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Evictions from Public Housing: Effects of Independent Review
Richard Lempert and Kiyoshi Ikeda
American Sociological Review
Vol. 35, No. 5 (Oct., 1970), pp. 852-860
Published by: American Sociological Association
Stable URL: http://www.jstor.org/stable/2093296
Page Count: 9
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This paper examines the change in eviction decisions within a local housing authority which occurred when the power to make those decisions was transferred from a board of authority officials to a board of citizen volunteers. Accountability to tenant interests, as measured by the percentage of favorable decisions, increased; accountability to project managers decreased. This is reflected by a percentage change in the kinds of actions brought before the board and by efforts to evade the formal system. The direction of change is seen as a likely but not inexorable result of independent review. Role theory elaborates this idea. The process by which citizens were incorporated into the decision making theory is viewed as a form of co-optation.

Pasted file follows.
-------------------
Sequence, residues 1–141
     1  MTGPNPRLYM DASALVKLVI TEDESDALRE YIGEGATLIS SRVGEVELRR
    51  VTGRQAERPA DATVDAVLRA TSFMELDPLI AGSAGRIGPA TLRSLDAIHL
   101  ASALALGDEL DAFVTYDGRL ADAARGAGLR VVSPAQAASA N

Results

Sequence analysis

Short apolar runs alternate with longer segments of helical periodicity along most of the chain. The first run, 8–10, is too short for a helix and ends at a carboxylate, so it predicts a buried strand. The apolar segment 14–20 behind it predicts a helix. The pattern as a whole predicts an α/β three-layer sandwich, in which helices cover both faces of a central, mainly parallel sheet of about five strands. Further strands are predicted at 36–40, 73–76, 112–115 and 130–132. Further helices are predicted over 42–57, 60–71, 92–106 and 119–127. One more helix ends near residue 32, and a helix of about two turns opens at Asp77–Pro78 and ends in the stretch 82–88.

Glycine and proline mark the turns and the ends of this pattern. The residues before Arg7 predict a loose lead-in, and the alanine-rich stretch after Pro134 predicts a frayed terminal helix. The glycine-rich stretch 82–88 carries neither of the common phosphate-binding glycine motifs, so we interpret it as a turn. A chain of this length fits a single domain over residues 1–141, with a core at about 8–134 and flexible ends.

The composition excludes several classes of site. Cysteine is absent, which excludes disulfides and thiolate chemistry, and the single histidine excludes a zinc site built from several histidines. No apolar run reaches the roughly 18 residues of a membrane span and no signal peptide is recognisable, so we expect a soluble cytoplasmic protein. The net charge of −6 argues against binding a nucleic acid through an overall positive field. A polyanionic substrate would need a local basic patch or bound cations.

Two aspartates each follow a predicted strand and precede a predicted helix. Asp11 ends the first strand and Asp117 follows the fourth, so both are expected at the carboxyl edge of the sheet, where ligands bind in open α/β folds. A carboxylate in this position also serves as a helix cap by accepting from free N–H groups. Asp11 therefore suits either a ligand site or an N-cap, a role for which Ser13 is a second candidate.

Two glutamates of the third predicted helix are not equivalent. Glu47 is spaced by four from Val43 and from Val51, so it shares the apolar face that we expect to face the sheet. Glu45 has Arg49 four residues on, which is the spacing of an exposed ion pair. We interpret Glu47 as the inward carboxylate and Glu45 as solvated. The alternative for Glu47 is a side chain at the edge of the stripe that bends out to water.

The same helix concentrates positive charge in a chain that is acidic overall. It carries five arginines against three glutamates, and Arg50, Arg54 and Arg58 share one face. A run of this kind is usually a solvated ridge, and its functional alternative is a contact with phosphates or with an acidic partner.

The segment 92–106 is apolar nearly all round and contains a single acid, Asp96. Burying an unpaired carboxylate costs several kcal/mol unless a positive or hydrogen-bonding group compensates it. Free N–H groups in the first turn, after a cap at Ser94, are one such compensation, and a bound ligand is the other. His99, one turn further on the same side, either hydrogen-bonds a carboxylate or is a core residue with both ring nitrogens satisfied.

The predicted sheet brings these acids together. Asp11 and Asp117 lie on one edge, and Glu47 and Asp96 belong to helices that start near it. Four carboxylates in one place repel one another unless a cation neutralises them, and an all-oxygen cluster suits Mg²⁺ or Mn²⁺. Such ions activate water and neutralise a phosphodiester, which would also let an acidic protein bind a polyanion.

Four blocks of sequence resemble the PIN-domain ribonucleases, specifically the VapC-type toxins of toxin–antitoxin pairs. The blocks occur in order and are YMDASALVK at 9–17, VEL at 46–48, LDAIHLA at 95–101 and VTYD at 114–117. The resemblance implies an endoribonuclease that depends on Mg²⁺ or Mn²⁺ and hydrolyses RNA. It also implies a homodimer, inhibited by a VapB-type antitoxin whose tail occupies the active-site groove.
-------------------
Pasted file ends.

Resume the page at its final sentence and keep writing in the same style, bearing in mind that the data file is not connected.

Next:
American Sociological Review © 1970 American Sociological Association